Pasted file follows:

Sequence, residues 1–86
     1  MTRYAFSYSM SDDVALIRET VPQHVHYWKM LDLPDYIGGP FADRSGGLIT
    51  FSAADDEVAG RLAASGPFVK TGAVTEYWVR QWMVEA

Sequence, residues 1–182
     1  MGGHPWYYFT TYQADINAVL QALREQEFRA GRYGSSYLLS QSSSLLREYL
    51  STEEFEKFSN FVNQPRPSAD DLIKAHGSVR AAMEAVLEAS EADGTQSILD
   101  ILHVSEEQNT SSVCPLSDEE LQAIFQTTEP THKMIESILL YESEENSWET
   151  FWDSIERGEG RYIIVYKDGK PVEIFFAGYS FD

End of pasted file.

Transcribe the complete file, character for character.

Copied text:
Sequence, residues 1–86
     1  MTRYAFSYSM SDDVALIRET VPQHVHYWKM LDLPDYIGGP FADRSGGLIT
    51  FSAADDEVAG RLAASGPFVK TGAVTEYWVR QWMVEA

Sequence, residues 1–182
     1  MGGHPWYYFT TYQADINAVL QALREQEFRA GRYGSSYLLS QSSSLLREYL
    51  STEEFEKFSN FVNQPRPSAD DLIKAHGSVR AAMEAVLEAS EADGTQSILD
   101  ILHVSEEQNT SSVCPLSDEE LQAIFQTTEP THKMIESILL YESEENSWET
   151  FWDSIERGEG RYIIVYKDGK PVEIFFAGYS FD